What about those who have never heard?

by

never-heard-good-news
Credit: Daniela Simona Temneanu/123RF

Salvation by grace through faith in Jesus Christ is the ‘good news’ which Christians are commissioned to spread through the whole world. The most vital message anyone can hear is that anyone who believes in the Son of God can be pardoned from their sin and enjoy eternity in the presence of their Creator. But some wonder, what about those who don’t get to hear the message of the Gospel?

God is completely good—and so is His Gospel

We can’t consider the Gospel apart from its Author. God is completely good—in fact, He is the standard for defining anything else as good—and His perfect standards come from His own nature. He is perfectly just, meaning that no one will be able to accuse God of being unfair when they stand before Him; and He is perfectly merciful, meaning that He generously extends unmerited favour to those who trust in Him.

So when we come to this issue, we must understand that we are considering the plan of the perfect, good Creator of humanity. While there are some hard questions to consider, to think that we could come up with something better would be extremely foolish.

God’s goodness is also what we should think about when it comes to the unborn or infants who die, or people with cognitive disabilities such that they cannot understand the Gospel. Like Abraham, we say, “Shall not the Judge of all the earth do what is just?” (Genesis 18:25).

Everyone starts off condemned

When we think about this issue, we shouldn’t fall into the trap of putting the unreached in some ‘neutral’ category. All human beings descended from Adam start off in a position of rebellion against God. We can see this because Paul says that God’s law is written on our hearts (our conscience), yet we don’t even live up to our own fallen conscience. We do what we know to be wrong, so deserve to be judged for violating even our own consciences (Romans 2:14–16). Also, the evidence from creation is so clear that no one has any excuse for denying the Creator (Romans 1:18–32).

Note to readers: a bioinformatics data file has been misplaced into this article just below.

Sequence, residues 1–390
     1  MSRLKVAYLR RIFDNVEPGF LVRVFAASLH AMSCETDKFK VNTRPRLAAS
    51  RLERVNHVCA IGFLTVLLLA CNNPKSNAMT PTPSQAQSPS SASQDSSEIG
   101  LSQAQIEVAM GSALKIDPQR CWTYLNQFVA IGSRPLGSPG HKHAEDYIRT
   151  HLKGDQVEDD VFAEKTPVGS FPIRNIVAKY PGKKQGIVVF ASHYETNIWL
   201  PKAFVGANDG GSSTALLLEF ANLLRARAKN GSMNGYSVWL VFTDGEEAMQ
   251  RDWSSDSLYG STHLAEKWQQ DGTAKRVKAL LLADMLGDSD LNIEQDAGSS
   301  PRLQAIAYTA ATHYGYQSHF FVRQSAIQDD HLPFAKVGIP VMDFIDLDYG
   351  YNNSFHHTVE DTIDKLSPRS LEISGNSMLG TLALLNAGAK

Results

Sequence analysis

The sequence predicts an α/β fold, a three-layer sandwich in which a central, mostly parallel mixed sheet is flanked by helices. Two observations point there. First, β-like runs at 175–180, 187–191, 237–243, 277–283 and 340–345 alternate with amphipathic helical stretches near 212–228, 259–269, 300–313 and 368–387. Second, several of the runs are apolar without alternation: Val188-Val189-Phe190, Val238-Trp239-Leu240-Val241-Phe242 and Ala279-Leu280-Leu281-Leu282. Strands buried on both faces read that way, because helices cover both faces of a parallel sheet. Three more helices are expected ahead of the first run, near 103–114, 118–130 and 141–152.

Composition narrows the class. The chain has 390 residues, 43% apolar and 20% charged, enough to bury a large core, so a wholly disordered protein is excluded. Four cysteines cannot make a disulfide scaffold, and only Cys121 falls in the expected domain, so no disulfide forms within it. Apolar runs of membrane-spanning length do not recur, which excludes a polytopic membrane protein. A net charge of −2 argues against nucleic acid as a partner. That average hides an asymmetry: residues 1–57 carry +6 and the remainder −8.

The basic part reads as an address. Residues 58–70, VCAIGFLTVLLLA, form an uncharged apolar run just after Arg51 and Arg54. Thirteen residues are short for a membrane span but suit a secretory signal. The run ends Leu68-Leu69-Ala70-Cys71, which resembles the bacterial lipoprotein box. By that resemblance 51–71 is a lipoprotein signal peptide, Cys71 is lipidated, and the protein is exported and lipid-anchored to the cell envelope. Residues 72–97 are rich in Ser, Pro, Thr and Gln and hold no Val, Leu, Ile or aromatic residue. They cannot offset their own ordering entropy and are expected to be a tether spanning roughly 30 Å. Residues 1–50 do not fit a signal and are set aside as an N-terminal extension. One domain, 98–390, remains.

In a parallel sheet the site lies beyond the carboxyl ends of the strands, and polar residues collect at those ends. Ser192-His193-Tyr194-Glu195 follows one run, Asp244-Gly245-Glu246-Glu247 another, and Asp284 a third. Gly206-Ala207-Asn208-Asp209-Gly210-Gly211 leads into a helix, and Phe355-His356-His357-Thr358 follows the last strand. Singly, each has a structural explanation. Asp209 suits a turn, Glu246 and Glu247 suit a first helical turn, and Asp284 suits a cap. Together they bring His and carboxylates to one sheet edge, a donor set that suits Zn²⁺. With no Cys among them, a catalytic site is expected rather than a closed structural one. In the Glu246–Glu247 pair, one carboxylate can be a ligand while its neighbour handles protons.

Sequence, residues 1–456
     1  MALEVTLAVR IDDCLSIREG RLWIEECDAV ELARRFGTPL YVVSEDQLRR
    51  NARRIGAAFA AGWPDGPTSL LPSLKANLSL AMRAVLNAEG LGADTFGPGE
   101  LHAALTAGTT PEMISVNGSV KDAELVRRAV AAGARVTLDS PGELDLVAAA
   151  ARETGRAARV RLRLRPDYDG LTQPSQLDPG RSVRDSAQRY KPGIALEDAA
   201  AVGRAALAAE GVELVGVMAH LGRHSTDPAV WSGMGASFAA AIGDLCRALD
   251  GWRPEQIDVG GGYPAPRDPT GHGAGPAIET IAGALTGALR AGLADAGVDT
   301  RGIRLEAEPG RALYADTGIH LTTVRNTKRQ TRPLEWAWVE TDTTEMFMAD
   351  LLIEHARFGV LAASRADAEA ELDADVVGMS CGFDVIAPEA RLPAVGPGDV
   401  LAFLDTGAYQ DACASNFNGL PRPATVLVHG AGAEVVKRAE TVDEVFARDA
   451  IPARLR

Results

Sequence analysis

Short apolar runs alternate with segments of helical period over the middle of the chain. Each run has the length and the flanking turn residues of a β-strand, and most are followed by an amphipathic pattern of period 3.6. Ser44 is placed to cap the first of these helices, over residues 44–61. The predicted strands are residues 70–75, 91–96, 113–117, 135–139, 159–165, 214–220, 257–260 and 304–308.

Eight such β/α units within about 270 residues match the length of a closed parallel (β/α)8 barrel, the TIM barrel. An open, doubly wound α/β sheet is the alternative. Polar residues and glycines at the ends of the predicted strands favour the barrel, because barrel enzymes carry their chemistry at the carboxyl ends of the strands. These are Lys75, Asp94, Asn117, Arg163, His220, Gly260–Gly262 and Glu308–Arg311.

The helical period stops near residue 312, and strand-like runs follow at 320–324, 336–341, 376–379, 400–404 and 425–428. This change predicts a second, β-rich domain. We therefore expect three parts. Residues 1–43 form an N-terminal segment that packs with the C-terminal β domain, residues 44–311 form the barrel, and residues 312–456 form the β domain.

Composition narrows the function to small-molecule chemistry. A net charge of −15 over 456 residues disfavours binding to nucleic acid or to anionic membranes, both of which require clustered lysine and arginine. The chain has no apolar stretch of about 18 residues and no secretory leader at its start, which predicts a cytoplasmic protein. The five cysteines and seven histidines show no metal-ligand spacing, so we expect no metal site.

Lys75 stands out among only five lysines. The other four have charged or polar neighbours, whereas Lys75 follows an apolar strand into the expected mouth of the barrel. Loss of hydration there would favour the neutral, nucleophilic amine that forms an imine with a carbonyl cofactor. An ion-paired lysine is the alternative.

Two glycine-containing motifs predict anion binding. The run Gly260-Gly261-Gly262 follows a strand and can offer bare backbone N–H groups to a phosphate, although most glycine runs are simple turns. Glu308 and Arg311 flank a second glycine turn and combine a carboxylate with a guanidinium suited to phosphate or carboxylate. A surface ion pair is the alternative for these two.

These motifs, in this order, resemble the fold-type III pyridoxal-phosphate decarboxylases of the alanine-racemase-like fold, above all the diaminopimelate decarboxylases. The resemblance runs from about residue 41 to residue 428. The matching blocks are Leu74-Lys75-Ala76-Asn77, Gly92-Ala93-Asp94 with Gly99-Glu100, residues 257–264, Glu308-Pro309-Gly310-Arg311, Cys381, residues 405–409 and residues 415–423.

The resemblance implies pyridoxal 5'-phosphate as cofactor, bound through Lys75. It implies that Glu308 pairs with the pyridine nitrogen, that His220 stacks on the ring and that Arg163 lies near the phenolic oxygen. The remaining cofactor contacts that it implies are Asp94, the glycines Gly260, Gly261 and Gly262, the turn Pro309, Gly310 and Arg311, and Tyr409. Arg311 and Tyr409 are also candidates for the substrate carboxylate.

God wasn’t morally obliged to save anyone

The angels who sinned were all condemned—none of them was offered a chance at redemption, and there is no indication that any of them want it. That God decided to do something different with Adam’s descendants shows the greatness of His mercy. If every single sinner went to Hell for an eternity of judgment, God would have served perfect justice. When we consider the fate of those who never have a chance to hear the Gospel, we should avoid the error of thinking God owes everyone (or anyone) a chance at salvation.

Jesus died to save sinners

The fact that God didn’t have to save anyone makes His plan of salvation that much more glorious. God the Son, the Second Person of the Trinity, took on human nature and voluntarily laid aside the independent use of His divine attributes for the duration of His earthly life and ministry. He lived a perfectly sinless human life, obeying God’s Law that every other human has broken, meaning that Jesus has a righteousness that can be credited to those who believe in Him (2 Corinthians 5:21). Having perfectly obeyed God, He then voluntarily took the death penalty that our sins earned (Isaiah 53:6, 10), meaning that when we believe in Him we can be pardoned—our sin debt is cancelled and nailed to the Cross (Colossians 2:14).

The role of creation ministry

Of course, many who do hear that message reject it. Our evolutionized world has conditioned them to believe that there is no Creator who will hold us accountable for our sin, or that the whole historical context of the Gospel—Adam’s fall into sin, the bondage to decay of the cursed creation—can’t be true. And so ministries like CMI seek to supplement the mere statement of the Gospel with reasons why the Bible’s ‘big picture’ of history can be trusted. This prepares more ‘good soil’ to receive the precious Gospel seed.

But we are here considering the matter of people who have never even had the Gospel presented. People who raise this often do so in the context of doubts about or questioning of God’s criteria for being saved, or even His ‘fairness’ in this. By wondering ‘Why this way?’, it implies that maybe there is a better, or another way to be saved.

No other way